Russians remember victims of Stalin’s terror

Published October 30, 2018, 9:56 AM

by AJ Siytangco

By Agence France-Presse

Hundreds of Russians gathered in central Moscow on Monday to remember the victims of Stalin’s terror, despite questions over whether city authorities would allow the annual ceremony to go ahead.

Participants in the “Return of the Names” event, which has been running for more than a decade, waited in line to read out the names of those killed during the period of political repression beginning in the 1930s.

At the Solovetsky Stone monument in front of the Federal Security Service building (KGB during USSR times) in central Moscow rights group Memorial organised the remembrance event for Stalin's victims even as the current official trend is to present Stalin's rule in a positive light (AFP Photo/Yuri KADOBNOV / MANILA BULLETIN)
At the Solovetsky Stone monument in front of the Federal Security Service building (KGB during USSR times) in central Moscow rights group Memorial organised the remembrance event for Stalin’s victims even as the current official trend is to present Stalin’s rule in a positive light (AFP Photo/Yuri KADOBNOV / MANILA BULLETIN)

Others placed flowers and candles by a rock brought from the Solovki labor camp in the far north that now sits as a memorial outside the offices of the FSB secret police, formerly the KGB.

“I come every year because I feel I have a duty to pay tribute to the victims,” said 55-year-old Sergei Mitrokhin.

“Today, Russia is trying to forget that period,” the Yabloko liberal party member told AFP.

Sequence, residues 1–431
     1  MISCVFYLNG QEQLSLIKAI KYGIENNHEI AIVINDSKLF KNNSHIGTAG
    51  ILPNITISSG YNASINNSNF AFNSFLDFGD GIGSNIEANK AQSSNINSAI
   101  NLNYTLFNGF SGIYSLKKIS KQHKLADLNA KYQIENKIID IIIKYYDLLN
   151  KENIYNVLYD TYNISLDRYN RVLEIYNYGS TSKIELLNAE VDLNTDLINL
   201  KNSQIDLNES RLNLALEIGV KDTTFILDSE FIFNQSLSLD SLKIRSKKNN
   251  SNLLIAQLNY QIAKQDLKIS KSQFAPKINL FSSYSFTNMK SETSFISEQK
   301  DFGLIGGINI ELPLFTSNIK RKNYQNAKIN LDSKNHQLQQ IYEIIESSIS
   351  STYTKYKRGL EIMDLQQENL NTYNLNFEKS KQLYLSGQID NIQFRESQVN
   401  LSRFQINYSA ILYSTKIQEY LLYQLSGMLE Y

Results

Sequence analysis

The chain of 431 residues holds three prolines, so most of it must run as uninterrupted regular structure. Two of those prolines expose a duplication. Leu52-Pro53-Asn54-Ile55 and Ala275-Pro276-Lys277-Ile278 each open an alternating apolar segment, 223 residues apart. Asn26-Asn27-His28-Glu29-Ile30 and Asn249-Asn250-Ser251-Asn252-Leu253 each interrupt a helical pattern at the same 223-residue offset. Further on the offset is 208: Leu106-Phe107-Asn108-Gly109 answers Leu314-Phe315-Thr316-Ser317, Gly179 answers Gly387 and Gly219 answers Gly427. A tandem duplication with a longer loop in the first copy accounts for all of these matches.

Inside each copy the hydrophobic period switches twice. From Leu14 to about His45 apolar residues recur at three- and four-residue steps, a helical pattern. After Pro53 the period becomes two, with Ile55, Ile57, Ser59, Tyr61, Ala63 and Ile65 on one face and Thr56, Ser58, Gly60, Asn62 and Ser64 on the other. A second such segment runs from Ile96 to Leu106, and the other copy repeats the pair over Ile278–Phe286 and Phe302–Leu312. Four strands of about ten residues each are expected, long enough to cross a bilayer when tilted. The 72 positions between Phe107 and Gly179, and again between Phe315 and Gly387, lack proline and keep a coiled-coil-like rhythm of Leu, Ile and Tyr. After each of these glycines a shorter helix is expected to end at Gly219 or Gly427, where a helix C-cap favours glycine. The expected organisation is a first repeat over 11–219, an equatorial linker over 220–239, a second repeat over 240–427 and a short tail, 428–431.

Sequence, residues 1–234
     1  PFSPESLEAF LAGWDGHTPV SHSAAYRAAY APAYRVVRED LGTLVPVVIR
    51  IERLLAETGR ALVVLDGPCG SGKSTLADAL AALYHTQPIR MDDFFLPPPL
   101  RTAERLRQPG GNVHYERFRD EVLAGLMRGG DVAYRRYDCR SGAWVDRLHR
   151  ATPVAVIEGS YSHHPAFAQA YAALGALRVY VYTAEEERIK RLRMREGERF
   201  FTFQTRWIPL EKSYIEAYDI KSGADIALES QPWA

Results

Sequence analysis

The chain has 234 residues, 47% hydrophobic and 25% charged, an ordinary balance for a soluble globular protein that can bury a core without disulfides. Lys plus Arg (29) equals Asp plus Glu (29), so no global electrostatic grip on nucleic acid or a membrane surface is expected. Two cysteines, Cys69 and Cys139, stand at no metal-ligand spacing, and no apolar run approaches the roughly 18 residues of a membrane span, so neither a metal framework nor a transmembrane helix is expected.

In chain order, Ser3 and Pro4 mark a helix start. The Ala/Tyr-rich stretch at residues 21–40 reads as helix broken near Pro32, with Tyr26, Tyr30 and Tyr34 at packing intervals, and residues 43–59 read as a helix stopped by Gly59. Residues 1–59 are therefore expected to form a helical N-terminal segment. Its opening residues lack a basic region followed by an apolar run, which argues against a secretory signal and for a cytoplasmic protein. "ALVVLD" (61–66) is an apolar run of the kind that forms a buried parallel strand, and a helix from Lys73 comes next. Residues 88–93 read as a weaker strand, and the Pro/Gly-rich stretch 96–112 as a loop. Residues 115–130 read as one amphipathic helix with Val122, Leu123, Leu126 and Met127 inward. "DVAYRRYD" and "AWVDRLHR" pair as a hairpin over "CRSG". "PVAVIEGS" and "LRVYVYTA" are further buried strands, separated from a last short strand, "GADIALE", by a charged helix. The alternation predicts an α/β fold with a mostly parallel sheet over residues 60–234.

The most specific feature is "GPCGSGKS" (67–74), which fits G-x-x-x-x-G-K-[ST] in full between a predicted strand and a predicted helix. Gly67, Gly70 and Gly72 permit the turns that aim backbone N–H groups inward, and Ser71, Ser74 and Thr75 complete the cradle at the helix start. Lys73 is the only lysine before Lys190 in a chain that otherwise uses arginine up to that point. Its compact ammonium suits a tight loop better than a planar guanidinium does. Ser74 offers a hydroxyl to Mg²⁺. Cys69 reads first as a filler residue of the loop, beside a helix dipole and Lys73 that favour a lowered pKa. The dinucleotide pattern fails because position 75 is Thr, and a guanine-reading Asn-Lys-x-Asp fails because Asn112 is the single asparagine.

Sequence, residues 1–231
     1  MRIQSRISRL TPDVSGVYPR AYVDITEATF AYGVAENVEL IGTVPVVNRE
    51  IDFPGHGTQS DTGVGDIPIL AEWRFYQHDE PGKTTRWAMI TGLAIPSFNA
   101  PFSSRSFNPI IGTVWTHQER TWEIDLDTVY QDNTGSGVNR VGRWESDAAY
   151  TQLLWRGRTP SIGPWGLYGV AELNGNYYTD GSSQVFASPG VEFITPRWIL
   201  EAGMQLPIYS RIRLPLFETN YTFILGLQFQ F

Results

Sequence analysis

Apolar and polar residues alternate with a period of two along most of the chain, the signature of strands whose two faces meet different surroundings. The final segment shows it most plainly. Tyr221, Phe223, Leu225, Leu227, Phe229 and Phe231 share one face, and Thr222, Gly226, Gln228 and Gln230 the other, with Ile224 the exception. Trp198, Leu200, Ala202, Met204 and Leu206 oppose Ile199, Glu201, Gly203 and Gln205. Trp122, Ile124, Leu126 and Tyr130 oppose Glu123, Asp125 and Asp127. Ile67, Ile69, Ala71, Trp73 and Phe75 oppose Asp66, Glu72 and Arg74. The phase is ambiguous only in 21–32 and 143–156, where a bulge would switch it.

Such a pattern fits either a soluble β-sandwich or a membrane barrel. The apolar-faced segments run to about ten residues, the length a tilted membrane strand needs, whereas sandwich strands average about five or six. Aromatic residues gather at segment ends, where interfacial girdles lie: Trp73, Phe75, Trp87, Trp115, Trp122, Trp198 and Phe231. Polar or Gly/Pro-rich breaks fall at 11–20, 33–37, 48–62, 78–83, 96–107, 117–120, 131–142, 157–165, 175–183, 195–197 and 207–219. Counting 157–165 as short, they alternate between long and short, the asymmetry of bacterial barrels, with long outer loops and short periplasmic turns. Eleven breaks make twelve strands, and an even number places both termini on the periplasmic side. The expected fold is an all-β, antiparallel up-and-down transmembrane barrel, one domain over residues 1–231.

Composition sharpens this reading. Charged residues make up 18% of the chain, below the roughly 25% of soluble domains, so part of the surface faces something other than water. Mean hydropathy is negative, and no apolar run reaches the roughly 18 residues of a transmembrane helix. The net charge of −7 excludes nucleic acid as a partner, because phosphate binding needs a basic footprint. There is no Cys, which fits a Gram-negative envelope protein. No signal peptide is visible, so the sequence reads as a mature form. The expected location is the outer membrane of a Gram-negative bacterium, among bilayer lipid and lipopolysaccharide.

Russia in recent years has seen an official trend to present Stalin’s rule in a positive light while downplaying the repressions and forced collectivisation that killed millions.

Rights group Memorial, which organizes the 12-hour event, said this month authorities had rejected plans for the ceremony to take place at its usual location, but a few days later said it could go ahead.

“We have to remember all of this,” said Anastasia, a 26-year-old student who gave just her first name.

“We can’t find anything out (about this period) in the official media. It all depends on the work of people like those in Memorial who organise this ceremony,” she said.

“What the state does to commemorate the victims is completely insufficient,” said 80-year-old Maria Sakharova, who was visibly moved after reading out the names of several people.

Almost half of Russians aged 18-24 said they had never heard of Stalin-era repressions, according to a survey published by the VTsIOM state pollster this month.

Memorial, which also speaks out about current human rights violations in Russia, has come under increasing pressure in recent years.

In 2016, authorities labelled Memorial a “foreign agent” under a 2012 law that obliges groups deemed to have “political” activities and international funding to submit documents every three months outlining their finances.

 
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